Watch stocks you care about
The single, easiest way to keep track of all the stocks that matter...
Your own personalized stock watchlist!
It's a 100% FREE Motley Fool service...
Dividend stocks are everywhere, but many just downright stink. In some cases, the business model is in serious jeopardy, or the dividend itself isn't sustainable. In others, the dividend is so low, it's not even worth the paper your dividend check is printed on. A solid dividend strikes the right balance of growth, value, and sustainability.
Today, and one day each week for the rest of the year, we're going to look at one dividend-paying company that you can put in your portfolio for the long term without too much concern. This isn't to say that these stocks don't share the same macro risks that other companies have, but they are a step above your common grade of dividend stock. Check out last week's selection.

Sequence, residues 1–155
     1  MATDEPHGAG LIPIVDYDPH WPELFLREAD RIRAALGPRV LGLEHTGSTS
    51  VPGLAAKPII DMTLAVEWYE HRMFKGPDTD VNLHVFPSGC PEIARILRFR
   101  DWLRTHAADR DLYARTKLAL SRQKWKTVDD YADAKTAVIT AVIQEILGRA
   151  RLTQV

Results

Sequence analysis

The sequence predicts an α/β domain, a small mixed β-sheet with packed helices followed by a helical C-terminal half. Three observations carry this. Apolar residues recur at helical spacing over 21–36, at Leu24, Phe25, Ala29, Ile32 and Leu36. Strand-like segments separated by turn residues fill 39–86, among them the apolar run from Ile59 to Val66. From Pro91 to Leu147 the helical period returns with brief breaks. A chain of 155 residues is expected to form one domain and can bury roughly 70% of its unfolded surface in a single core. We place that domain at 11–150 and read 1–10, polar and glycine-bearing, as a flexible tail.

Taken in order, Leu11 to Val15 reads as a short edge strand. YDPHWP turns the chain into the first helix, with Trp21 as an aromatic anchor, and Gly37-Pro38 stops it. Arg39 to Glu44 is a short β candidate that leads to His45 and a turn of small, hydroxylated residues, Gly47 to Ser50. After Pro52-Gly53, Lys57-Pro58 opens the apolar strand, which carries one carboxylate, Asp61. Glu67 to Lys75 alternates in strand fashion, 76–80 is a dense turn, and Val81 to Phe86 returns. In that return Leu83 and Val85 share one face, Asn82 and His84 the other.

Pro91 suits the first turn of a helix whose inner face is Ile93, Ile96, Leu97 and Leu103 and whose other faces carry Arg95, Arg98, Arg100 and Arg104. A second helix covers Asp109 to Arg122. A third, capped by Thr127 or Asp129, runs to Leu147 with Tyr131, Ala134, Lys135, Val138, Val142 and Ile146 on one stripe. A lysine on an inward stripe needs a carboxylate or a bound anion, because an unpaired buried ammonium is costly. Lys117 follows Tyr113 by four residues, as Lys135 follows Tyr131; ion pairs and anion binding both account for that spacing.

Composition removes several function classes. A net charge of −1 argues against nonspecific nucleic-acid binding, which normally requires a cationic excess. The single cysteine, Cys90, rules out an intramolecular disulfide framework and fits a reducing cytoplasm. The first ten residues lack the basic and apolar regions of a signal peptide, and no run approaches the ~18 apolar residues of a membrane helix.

This week, we're diving deep into the auto and industrial parts replacement market and taking a look at why Genuine Parts (NYSE: GPC ) is a name you can trust.
Genuine Parts: more than meets the lug nut
The case often made for owning Genuine Parts, or for avoiding it, is actually one and the same. Newer cars produced today are expected to last longer without the need for parts replacement which, ultimately, is a negative for auto parts suppliers like Genuine Parts, AutoZone (NYSE: AZO ) , and Advance Auto Parts (NYSE: AAP ) . Conversely, the price of new cars is soaring relative to stagnant consumer wages. This is enticing enough to spur the sale of used and older vehicles which can often require considerably more maintenance, playing into the hands of all three of the above-named companies.
Genuine Parts is actually much more than just auto parts, as it supplies bearings, hydraulic and pneumatic components, and other parts to the industrial sector, as well as office supplies and electronic materials. As you might imagine, its office products segment has been under serious pressure as small business spending has stagnated and online competition has eaten into bricks-and-mortar sales. Similarly, Genuine Parts' electronics segment is prone to pricing pressures based on industrywide demand. Luckily, all four segments have been growing and have contributed to a 4% same-store-sales boost for Genuine Parts in its most recent quarter.